They have noted a significant increase in this ability for extraverts (that's how they spelled it), so use the most estraverted member of the system for this. Extraverts were on average as high as 57.6% correct.

Given this is science, clearly, semantics aside, we claim that some of the things we experience here in tulpamancy are scientific yet follow the same logic, unexplained by normal typically scientific means. This pushes metaphysics one step further away if we can arrange studies like this to test our other hypothesis. More practical to us experiencing not necessarily pre-cognition or clairvoyance, but the more rare accounts of tulpamancy which seem to be metaphysics at first blush.

Our post is not meant to set any of them, but rather to open minds in this tulpamantic process and allow such events to happen naturally, given things that are not necessarily currently explainable can indeed happen on their own, and actually do wonders to eliminate doubt. While all the experiences we've had are just as real and easy if not more so than switching, and I believe imposition can occur, not only because it actually does occur on a daily basis with us, but because we allow the possibility of it occurring; other experiences are very similarly valid. We have noticed a number of experiences made by early tulpamancers that eventually go away or are self-refuted over time, our hypothesis on this is that when they share these and they are subsequently rejected or brushed aside by more established members of the community, they lose the belief that these can occur. Only the most stubborn of tulpamancers such as Bear resists this effect.

The point is, accepting, not just tolerating, rare experiences, and guiding the system reporting to give more examples or possibly even train this effect is much more valuable to end game tulpamancy than marginalizing them. We all want to know "what's next" yet some of us want to also protect "what's core" can't we have both?

Comment at your whim.

EDIT
There is a comment on Reddit that adds to the topic, and our rebuttal of that.

Our point stands for now.
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#2
Can you elaborate on why you feel precognition would be relevant to tulpamancy? I'm familiar with the study you cited here, but I've only used it to support the existence of telepathy. Certainly, talking to tulpas can feel like having telepathy, but since they're sharing a brain with you it's not the same as having a telepathic bond with another person. The research also suggests that telepathy can't be used as a form of verbal communication, but instead people can convey feelings telepathically (i.e. one might transmit the correct target out of a set of four, or simply convey their own emotional state). Most of the time that telepathy is happening, one might just get the sense that the other person is thinking about them.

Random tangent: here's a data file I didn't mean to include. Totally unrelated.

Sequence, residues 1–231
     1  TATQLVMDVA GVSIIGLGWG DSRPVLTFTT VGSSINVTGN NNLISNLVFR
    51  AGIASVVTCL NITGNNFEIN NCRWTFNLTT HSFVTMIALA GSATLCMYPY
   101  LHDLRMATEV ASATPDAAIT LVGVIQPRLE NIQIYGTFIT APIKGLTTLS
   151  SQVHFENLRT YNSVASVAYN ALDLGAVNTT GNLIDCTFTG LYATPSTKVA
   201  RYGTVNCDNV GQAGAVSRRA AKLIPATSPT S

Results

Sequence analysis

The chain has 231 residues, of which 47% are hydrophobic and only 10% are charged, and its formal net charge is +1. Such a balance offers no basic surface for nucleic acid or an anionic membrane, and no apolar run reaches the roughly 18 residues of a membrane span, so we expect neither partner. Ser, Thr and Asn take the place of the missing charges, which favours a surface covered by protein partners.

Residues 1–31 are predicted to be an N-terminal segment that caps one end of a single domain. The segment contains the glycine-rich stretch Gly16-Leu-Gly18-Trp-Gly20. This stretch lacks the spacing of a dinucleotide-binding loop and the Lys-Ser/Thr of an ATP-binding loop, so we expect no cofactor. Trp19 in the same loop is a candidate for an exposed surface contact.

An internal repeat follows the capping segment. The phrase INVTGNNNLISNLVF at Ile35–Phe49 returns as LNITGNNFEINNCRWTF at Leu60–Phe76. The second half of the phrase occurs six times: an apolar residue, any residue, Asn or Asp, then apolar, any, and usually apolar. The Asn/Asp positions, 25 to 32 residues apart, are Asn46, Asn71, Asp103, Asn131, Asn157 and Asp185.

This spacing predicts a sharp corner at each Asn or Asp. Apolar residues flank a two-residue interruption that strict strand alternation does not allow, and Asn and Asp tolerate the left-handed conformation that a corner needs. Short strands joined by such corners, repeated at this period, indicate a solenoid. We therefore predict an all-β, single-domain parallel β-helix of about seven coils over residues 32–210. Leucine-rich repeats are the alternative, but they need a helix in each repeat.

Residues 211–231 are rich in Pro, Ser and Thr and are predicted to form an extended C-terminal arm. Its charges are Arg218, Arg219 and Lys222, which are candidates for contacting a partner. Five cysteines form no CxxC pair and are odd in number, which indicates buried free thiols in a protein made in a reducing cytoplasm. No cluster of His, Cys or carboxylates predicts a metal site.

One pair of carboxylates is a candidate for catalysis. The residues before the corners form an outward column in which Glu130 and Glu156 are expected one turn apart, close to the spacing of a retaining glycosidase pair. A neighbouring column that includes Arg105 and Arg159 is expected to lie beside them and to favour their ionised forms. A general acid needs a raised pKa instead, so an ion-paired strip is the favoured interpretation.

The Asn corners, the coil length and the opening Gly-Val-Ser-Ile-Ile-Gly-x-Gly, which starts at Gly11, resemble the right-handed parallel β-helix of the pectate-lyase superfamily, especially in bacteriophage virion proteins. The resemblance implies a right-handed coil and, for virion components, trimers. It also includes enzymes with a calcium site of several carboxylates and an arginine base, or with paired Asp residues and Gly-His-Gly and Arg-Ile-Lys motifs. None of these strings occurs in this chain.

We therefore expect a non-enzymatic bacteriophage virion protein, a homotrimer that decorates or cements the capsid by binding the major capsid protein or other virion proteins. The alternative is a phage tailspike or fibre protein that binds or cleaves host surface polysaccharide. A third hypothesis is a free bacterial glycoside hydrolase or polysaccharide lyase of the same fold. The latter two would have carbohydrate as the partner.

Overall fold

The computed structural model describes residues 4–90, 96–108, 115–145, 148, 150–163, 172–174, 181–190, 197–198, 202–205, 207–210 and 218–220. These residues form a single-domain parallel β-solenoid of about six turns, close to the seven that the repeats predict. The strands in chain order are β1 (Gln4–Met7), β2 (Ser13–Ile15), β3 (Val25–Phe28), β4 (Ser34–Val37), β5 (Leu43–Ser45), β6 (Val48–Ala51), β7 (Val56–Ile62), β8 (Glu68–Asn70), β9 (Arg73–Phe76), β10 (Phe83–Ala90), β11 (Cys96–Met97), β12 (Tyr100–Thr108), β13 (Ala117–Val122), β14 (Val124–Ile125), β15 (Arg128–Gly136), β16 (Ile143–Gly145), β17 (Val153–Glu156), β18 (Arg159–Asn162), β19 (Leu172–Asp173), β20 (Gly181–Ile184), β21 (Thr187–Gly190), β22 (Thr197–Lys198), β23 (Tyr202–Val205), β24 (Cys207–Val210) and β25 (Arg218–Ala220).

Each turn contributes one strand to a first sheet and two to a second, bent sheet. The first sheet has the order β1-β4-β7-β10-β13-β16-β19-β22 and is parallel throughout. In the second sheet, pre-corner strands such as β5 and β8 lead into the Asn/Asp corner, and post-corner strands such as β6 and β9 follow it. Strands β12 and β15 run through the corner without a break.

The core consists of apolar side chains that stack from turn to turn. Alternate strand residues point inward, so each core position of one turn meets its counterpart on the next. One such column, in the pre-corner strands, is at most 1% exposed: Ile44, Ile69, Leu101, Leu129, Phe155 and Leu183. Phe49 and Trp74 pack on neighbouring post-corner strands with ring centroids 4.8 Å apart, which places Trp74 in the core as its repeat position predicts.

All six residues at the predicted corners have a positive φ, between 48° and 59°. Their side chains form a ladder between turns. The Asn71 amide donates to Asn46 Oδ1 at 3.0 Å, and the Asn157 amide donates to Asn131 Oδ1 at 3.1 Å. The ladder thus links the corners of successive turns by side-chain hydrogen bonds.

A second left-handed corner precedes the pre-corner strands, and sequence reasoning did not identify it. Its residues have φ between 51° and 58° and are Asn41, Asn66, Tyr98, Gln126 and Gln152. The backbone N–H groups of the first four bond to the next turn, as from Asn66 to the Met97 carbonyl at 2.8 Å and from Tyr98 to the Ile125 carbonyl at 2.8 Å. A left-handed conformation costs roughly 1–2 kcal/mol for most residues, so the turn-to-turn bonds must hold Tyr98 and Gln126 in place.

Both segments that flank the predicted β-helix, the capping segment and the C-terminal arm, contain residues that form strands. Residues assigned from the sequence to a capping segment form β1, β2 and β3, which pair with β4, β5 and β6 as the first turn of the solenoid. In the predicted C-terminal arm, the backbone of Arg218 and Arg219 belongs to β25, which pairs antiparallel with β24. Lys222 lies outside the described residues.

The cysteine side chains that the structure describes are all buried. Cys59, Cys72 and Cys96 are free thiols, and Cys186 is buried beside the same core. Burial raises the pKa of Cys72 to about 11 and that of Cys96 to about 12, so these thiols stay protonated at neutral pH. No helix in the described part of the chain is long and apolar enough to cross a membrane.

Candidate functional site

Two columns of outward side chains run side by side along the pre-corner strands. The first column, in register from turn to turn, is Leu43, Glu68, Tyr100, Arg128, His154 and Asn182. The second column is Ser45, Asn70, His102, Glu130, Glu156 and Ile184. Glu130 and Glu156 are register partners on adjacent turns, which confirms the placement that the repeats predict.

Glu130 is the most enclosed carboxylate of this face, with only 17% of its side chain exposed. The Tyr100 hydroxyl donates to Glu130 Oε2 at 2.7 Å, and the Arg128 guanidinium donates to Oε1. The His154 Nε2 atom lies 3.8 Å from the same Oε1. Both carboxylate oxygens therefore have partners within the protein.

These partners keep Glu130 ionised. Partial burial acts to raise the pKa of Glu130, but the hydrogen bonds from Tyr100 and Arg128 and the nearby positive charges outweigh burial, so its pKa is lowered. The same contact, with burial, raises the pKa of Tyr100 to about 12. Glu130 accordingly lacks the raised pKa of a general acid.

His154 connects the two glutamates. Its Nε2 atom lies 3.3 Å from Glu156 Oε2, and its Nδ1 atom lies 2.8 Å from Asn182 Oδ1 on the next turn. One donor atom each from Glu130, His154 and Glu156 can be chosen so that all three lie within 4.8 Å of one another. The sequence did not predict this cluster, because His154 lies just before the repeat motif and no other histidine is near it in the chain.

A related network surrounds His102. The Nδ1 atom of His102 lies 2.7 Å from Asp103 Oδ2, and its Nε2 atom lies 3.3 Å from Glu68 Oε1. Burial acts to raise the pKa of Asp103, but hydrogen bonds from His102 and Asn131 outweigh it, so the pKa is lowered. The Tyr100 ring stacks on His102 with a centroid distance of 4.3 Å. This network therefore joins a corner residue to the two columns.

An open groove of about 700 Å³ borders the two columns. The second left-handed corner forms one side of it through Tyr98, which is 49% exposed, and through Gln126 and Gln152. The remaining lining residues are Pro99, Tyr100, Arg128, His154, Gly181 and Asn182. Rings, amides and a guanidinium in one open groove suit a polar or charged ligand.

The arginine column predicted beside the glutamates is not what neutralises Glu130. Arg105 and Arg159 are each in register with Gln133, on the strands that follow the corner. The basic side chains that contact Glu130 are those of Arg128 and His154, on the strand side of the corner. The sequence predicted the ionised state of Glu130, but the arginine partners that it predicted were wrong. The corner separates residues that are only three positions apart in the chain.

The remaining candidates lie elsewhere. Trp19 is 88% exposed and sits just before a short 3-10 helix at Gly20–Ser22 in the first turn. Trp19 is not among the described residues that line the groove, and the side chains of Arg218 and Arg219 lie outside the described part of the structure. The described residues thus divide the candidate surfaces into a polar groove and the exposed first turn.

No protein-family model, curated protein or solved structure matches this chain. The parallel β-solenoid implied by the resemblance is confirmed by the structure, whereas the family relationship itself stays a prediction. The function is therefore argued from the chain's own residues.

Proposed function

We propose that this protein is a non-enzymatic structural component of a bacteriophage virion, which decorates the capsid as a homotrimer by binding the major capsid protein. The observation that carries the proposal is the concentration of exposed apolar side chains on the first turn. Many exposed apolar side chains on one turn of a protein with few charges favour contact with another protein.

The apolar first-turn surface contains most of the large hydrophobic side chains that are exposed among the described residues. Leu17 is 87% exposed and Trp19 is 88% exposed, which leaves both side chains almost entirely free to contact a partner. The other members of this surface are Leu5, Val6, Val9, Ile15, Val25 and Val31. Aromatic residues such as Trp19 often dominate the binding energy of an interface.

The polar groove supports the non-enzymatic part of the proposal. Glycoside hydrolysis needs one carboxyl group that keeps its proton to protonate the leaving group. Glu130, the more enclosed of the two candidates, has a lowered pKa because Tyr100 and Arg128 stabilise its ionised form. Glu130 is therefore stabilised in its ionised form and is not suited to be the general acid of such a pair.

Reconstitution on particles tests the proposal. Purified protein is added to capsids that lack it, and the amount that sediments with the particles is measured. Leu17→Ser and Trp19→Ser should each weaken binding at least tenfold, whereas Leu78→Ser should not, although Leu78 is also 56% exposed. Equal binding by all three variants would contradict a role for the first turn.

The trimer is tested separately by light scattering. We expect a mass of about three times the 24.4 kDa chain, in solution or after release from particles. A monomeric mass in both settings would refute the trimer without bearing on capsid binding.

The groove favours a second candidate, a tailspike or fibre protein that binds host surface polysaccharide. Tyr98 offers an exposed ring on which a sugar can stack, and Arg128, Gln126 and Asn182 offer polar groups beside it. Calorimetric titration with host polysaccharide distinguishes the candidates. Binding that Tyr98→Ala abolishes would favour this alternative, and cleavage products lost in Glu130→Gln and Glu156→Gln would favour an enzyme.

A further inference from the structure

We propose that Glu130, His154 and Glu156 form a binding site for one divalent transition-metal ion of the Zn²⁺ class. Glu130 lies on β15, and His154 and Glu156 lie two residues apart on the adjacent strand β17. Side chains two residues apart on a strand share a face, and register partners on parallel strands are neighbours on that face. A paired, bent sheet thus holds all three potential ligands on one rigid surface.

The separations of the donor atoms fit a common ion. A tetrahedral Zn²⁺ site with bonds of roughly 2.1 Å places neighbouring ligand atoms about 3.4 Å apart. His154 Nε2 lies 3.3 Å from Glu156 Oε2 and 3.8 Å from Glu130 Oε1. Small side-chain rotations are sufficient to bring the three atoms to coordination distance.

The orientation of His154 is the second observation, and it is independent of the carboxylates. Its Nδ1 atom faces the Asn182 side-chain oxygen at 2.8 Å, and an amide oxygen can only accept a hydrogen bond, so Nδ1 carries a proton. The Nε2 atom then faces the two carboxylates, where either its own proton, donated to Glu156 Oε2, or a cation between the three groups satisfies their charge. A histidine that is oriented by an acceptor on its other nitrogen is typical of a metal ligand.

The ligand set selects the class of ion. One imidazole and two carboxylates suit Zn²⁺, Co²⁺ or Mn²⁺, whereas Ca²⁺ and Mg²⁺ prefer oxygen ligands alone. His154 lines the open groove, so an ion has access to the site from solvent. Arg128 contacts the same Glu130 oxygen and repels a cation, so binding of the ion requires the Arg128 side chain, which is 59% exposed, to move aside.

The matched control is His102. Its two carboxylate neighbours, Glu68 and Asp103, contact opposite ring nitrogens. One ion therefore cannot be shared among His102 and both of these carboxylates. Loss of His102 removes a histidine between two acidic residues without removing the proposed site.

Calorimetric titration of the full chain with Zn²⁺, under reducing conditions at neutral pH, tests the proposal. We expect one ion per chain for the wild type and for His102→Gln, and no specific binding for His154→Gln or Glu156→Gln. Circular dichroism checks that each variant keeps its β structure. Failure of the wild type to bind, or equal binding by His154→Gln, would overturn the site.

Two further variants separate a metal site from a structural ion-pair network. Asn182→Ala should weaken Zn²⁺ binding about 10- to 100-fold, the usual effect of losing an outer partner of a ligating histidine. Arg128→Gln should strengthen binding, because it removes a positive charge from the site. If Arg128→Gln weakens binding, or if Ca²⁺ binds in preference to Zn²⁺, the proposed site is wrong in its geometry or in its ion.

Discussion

"Science isn't about why, science is about why not?" -Cave Johnson
Tulpae: Luna, Elise, Naomi
My progress report
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#3
1, guess they wanted to talk about it and "General Discussion" has a more appropriate feel to it than "Lounge", although traditionally this sort of thread might go in Lounge.
2, their system has lots of experiences that are sort of treated like if someone claimed to have telepathy, so they're giving a relevant unrelated example to draw comparisons to.
Hi! I'm Lumi, host of Reisen, Tewi, Flandre and Lucilyn.
Everyone deserves to love and be loved. It's human nature.
My tulpas and I have a Q&A thread, which was the first (and largest) of its kind. Feel free to ask us stuff.
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#4
We were just attempting to pry open the minds of some of the more science oriented among us. Successful or not, it was an attempt. So it applies to tulpamancy because to limit ourselves to what 'feels scientific enough' is as silly to us as the far opposite.